Cleo Tucker and Harmony Tividad’s edgy, cool-chick rocker duo Girlpool are two things deemed among the scariest in American lexicon today: young and feminist. Their songs, hits such as “American Beauty” and “Blah Blah Blah,” ooze sexual agency and an awareness of the male gaze; others, like “Slutmouth,” address issues like slut-shaming head-on. Their punky vibes have drawn many a Kathleen Hanna comparison (as any girl holding a Strat will for the next 50 years), but just look at their “Chinatown” video and you’ll see a more playful, nonchalant, stripped-down aesthetic, almost emanating a Girls-type realism.
That’s why on their new album, Before The World Was Big, listeners are kind of in for a shock. The Girlpool vibe—bare-bones, easygoing—is still there, but it’s also an aggressively honest tribute to childhood. And, admittedly, it’s sort of hard to get that message on a first listen. Riot grrrls are supposed to be flippant and wear red lipstick, one thinks; Girlpool starts its title track with a xylophone and unhinged stream-of-consciousness lyrics like, “My brain’s like a rolling snowball/I’m a firetruck.” Is it too simple or too deep?
On the other hand, anyone who remembers a confusing childhood can relate to Before The World Was Big—it’s like if Forrest Gump went punk rock. The music could easily accompany a scene from Juno or a 13-year-old’s ultimate Judy Blume day. The album’s first song, “Ideal World,” is almost a rock version of The Bangles’ “Manic Monday,” with its crawling bass, and “things are okay” mantra.
Their album is perfect loud-yet-chill music, with a bit of innocent existentialism to chew on. In this aspect, songs like “Cherry Picking” and “Crowded Stranger” have the appeal of well-thought-out grunge. Just listen to the apathetic, albeit folksy delivery of lyrics like, “I’ll pretend that you care/That I have somehow disappeared” and you might hear a faint, Cobain-ish shadow. Still, it lacks polish, smoothness, and much of Tucker and Tividad’s harmony seems deliberately dissonant. They’re not trying to be cute, just uncomplicated: all you get is a bass, a guitar, and total abandonment of any verse-chorus structure. Their lyrics drip slowly through their songs, almost as if a child’s observations were distilled into one tight poetic verse.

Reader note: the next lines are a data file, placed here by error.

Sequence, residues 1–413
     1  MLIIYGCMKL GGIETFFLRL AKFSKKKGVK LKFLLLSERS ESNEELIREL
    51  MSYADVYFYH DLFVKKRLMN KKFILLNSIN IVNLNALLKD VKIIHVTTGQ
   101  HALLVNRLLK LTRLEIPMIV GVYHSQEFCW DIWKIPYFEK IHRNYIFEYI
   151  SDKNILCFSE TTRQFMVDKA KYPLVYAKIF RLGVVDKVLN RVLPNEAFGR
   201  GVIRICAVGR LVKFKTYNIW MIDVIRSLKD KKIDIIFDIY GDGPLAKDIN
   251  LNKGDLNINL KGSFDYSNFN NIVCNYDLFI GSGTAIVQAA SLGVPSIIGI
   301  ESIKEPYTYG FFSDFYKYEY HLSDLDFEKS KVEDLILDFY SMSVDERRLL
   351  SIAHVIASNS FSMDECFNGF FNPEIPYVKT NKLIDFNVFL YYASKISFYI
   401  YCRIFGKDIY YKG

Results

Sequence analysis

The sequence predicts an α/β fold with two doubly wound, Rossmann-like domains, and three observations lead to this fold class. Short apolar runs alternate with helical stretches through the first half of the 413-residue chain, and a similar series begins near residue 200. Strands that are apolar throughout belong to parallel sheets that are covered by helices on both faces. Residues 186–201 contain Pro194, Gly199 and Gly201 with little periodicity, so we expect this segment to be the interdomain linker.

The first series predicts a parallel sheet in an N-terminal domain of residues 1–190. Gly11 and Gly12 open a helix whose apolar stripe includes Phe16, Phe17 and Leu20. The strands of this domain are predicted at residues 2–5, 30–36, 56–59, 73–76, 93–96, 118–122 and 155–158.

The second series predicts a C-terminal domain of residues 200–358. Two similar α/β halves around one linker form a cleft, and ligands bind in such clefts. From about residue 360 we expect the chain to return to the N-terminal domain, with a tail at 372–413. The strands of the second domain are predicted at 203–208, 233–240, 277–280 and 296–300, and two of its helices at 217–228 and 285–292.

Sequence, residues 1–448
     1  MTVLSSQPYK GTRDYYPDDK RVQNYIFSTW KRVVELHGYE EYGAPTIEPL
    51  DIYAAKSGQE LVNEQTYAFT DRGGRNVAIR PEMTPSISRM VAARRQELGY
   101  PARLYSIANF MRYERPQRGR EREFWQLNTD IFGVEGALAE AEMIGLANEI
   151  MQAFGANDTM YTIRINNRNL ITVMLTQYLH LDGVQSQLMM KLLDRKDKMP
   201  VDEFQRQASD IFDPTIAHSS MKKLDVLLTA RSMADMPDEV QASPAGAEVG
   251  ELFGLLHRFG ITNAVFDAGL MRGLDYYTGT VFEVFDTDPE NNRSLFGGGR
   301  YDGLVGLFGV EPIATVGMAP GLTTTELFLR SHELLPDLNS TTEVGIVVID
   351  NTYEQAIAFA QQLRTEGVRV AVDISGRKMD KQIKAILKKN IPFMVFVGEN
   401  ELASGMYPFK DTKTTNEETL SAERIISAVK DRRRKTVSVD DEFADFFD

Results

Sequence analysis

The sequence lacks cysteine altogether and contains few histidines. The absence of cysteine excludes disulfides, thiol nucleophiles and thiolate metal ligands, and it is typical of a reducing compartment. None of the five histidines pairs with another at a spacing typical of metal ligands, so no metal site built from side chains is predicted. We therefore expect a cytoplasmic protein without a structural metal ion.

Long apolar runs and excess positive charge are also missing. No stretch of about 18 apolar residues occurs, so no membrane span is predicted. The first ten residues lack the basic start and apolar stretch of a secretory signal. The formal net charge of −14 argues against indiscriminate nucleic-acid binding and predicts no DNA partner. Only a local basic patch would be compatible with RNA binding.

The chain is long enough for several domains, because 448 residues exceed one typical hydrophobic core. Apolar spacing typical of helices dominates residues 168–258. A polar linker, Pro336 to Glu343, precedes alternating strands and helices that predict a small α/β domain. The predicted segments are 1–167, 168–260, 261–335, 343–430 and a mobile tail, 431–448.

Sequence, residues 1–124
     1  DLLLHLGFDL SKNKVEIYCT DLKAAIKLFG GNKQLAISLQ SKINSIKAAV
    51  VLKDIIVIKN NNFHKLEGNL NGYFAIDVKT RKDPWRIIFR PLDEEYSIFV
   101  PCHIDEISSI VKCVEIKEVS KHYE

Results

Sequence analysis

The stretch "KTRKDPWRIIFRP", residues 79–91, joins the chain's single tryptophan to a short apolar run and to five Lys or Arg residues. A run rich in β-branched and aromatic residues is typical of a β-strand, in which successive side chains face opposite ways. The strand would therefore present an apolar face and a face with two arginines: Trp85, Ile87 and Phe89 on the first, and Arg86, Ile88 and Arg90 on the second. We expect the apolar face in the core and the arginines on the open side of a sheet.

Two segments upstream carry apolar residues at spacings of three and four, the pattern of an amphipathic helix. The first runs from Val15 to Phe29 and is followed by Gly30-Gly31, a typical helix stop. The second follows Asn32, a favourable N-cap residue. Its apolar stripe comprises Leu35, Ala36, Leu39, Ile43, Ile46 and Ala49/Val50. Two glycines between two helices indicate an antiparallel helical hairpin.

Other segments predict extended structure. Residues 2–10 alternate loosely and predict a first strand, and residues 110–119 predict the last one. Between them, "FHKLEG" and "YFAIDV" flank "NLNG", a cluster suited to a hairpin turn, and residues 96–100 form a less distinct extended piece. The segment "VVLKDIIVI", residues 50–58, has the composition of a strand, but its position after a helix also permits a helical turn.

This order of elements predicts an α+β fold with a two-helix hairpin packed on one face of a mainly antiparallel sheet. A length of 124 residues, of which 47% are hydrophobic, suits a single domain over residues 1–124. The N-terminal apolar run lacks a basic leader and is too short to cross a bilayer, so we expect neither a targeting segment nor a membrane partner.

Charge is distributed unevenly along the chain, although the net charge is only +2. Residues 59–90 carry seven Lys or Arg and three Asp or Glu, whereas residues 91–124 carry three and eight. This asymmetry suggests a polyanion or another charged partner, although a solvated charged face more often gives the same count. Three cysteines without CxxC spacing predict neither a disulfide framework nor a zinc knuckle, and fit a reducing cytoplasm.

At the same time, the album’s subtlety makes one miss the political forwardness of their first EP. “Jane” had its girlish screams but could still make for a fine gateway to Sleater-Kinney or Bratmobile. Before The World Was Big doesn’t need to yell to be heard, but for those who know what came before, we selfishly wish they would anyway. In fact, songs like “Dear Nora,” or “Pretty” and “Emily” near the end of the 10 songs, are practically whispered into your ear. Then again, perhaps the Prozac feel has its place. Maybe this is the future riot grrrl, and Girlpool has shown us the way, or some way, at least. Ultimately, they’re what you listen to at the end of the day coming back from the rave, when you’ve exhausted the adult world.
In A Word: Young